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[Bug-gsl] [bug #41527] Change/add multimin functions to return error cod

From: Patrick Alken
Subject: [Bug-gsl] [bug #41527] Change/add multimin functions to return error codes
Date: Sun, 09 Feb 2014 17:35:27 +0000
User-agent: Mozilla/5.0 (X11; Ubuntu; Linux x86_64; rv:26.0) Gecko/20100101 Firefox/26.0


                 Summary: Change/add multimin functions to return error codes
                 Project: GNU Scientific Library
            Submitted by: psa
            Submitted on: Sun 09 Feb 2014 05:35:26 PM GMT
                Category: None
                Severity: 3 - Normal
        Operating System: 
                  Status: None
             Assigned to: None
             Open/Closed: Open
         Discussion Lock: Any



See following email thread from help-gsl:


yes, it is a bad design originating from the early years. Multimin 
should be changed to use error codes as return values. And add an option 
for constrained optimization.

BTW, you might also consider using an additional cost function to steer 
clear of illegal values.


On 02/08/2014 04:29 AM, Patrick Alken wrote:
> I'm not sure why the multimin functions were set up that way (to return
> nan on errors instead of an error code). The multifit framework returns
> error codes, so there's something inconsistent there.
> Maybe Brian or Tuomo could weigh in since they appear to have written
> that code.
> In any case, for your problem you could look for the GSL_EFAILED return
> value and assume that problem originated in your function. The only
> other option I see is to set a global variable in your function.
> On 02/07/2014 04:43 PM, Leek, Jim wrote:
>> I do get an error code out, GSL_EFAILED.  I'm not really sure what's going
on, but I think:
>> nmsimplex_iterate calls:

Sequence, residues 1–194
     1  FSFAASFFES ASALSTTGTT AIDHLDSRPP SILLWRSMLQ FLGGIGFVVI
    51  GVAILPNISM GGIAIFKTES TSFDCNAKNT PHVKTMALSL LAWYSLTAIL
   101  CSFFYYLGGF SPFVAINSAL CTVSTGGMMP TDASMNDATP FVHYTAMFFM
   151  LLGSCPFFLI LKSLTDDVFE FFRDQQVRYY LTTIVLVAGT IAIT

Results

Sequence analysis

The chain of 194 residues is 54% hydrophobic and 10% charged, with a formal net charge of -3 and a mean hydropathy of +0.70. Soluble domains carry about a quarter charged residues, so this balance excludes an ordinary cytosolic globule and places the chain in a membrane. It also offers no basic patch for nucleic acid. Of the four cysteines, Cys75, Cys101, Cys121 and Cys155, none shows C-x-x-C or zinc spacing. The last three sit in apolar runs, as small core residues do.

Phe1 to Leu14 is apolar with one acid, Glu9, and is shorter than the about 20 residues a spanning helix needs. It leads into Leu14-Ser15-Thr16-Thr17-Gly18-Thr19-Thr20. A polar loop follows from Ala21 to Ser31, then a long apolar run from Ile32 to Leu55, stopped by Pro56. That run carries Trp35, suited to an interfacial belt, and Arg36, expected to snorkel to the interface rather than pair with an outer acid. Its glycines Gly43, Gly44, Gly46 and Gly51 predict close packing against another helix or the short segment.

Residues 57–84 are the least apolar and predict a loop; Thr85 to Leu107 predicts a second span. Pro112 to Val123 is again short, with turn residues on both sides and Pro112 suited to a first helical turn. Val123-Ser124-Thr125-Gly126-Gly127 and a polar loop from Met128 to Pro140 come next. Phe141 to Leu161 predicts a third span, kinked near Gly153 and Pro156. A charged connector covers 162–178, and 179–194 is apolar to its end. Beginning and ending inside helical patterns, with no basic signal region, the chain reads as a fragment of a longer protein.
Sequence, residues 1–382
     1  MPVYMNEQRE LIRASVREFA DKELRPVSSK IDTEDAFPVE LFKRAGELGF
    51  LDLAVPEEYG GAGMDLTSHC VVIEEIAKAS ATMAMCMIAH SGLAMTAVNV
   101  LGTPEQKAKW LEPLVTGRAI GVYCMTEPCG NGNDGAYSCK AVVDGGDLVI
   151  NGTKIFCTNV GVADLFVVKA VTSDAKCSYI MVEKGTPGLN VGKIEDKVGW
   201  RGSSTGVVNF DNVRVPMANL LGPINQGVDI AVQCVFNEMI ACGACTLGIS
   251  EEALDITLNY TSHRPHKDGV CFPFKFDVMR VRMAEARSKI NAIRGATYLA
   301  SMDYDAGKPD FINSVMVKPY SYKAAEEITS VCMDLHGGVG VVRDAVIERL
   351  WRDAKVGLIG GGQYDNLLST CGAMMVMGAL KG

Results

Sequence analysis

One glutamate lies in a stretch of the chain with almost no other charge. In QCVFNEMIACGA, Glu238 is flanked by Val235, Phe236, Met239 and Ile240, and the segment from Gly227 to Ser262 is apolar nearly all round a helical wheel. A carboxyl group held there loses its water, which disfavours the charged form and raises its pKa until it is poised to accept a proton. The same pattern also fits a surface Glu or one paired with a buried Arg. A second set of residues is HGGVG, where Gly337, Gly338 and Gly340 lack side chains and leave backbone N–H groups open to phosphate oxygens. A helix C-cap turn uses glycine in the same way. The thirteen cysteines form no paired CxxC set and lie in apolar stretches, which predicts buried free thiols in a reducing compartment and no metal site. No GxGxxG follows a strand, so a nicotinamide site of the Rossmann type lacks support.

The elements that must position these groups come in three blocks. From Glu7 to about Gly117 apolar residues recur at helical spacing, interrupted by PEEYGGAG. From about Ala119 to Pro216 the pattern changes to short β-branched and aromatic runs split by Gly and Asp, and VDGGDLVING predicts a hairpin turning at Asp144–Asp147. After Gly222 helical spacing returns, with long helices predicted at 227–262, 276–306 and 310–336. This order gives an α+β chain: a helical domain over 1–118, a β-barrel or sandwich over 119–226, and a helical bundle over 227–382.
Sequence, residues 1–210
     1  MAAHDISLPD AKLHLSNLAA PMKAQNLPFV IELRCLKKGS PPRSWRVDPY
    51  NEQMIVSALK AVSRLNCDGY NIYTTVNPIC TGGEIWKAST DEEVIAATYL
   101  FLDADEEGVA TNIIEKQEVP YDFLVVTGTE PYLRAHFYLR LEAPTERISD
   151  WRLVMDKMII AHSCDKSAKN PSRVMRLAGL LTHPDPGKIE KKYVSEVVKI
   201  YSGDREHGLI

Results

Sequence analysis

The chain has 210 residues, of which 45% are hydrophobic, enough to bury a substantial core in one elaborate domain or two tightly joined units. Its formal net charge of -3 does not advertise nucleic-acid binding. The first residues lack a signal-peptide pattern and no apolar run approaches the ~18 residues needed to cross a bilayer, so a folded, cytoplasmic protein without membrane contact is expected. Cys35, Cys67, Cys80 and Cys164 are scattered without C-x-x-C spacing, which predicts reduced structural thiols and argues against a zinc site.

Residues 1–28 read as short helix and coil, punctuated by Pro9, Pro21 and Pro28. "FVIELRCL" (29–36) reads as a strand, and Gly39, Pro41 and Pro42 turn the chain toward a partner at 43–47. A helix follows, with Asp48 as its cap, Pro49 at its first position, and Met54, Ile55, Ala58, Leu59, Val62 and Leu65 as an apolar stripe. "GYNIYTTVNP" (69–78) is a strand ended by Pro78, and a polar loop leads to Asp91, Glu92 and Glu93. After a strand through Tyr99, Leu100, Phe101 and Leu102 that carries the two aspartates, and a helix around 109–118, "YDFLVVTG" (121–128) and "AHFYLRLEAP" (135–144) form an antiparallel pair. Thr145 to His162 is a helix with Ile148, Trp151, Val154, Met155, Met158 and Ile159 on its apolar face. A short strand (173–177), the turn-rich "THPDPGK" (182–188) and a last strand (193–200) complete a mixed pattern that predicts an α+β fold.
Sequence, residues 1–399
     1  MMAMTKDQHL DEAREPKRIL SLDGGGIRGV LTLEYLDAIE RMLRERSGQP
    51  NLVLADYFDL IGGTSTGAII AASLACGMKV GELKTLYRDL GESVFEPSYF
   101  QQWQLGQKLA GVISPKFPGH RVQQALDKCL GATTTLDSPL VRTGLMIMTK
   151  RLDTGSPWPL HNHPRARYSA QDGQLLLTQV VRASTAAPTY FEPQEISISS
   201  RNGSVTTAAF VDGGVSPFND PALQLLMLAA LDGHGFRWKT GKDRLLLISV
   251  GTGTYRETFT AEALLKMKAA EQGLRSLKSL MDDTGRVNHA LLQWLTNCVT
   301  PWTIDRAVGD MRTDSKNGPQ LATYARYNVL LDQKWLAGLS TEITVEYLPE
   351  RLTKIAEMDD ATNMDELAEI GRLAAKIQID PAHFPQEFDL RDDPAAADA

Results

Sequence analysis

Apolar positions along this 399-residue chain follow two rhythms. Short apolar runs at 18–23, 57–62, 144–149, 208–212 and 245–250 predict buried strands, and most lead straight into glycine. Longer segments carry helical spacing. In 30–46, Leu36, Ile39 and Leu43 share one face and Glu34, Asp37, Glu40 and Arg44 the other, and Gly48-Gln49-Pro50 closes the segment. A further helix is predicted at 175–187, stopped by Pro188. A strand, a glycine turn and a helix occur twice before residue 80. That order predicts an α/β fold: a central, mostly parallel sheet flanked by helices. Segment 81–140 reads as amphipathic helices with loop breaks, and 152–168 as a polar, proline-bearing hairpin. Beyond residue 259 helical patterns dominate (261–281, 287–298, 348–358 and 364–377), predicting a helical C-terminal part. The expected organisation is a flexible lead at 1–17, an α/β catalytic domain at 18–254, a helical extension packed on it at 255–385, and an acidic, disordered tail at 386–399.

>>      contract_by_best calls eval
>>        gets Nan.
>>        calls gsl_finite
>>        sets  status = GSL_EBADFUNC;
>>        returns
>>      if (status != GSL_SUCCESS) GSL_ERROR ("contraction failed",
>> In short, iterate gets the Nan, throws EBADFUNC, then gets EBADFUNC and
throws EFAILED.
>> So, obviously I misunderstood the error handing mechanism.  I assumed it
was passed via a static variable like errno, But I guess I need to set an
error handler if I want to properly save the error?  It seems to me that in
that case it would still get overwritten by nmsimplex_iterate and
>> Jim
>> ________________________________________

>> The macro GSL_ERROR_VAL is defined as:
>> 112 #define GSL_ERROR_VAL(reason, gsl_errno, value) \
>> 113        do { \
>> 114        gsl_error (reason, __FILE__, __LINE__, gsl_errno) ; \
>> 115        return value ; \
>> 116        } while (0)
>> Since the error handler is turned off, the gsl_error() call in the macro
>> does nothing and your GSL_ERANGE flag is lost. However, the
>> multimin_fminimizer_iterate() should still return an error code when it
>> gets the GSL_NAN so can you check what code is being returned?
>> On 02/07/2014 03:29 PM, Leek, Jim wrote:
>>> Hi, I'm pretty new to GSL, but I should've started using it earlier.
>>> Anyway, I've got a case where I'm doing a simple 2D optimization with
gsl_multimin_fminimizer_nmsimplex2 .  One of the error conditions is that the
optimizer might stray out of the valid range.  So, for that case I put in this
error in the 2D function:
>>>     if(v1 < vmin || v1 > vmax ||
>>>        v2 < vmin || v2 > vmax) {
>>>       GSL_ERROR_VAL("Optimization has spread outsize the bounds",
>>>                     GSL_ERANGE, GSL_NAN);
>>>     }
>>> This part seems to work, if I have the default error handler on, the
program crashes out with the proper error.  But in my case this is actually a
recoverable error, I want to be able to handle it.  So, I turn off the error
handler:   gsl_set_error_handler_off();
>>> Then I have this in the iteration loop:
>>>     do {
>>>       status = gsl_multimin_fminimizer_iterate(s);
>>>       if (status)
>>>         break;
>>>       ....[snip]....
>>>     }
>>>     while (status == GSL_CONTINUE && iter < 1000);
>>>     if(status != GSL_SUCCESS) {
>>>       //If we slid out of range, just skip this optimization, it's out of
>>>       if(status == GSL_ERANGE) {
>>>         return 0;
>>>       } else {
>>>         exit(status);
>>>       }
>>>     }
>>> The check against GSL_ERANGE doesn't work, because the status returned
turns out to be GSL_EFAILED.  So, no matter how I fail, I get the same error
code GSL_EFAILED.  I think it's due to this line in multimin/simplex2.c :
>>> line 522:
>>>         if (status != GSL_SUCCESS)
>>>           {
>>>             GSL_ERROR ("contraction failed", GSL_EFAILED);
>>>           }
>>> So, simplex2 just eats my error code.  This seems like a bug to me.  Is
this intentional?  It doesn't seem hard to fix.
>>> Note, I'm using gsl 1.13 because that's what's installed on my machine,
but simplex2.c in gsl 1.16 is exactly the same file, so I don't think this
behaviour has changed.


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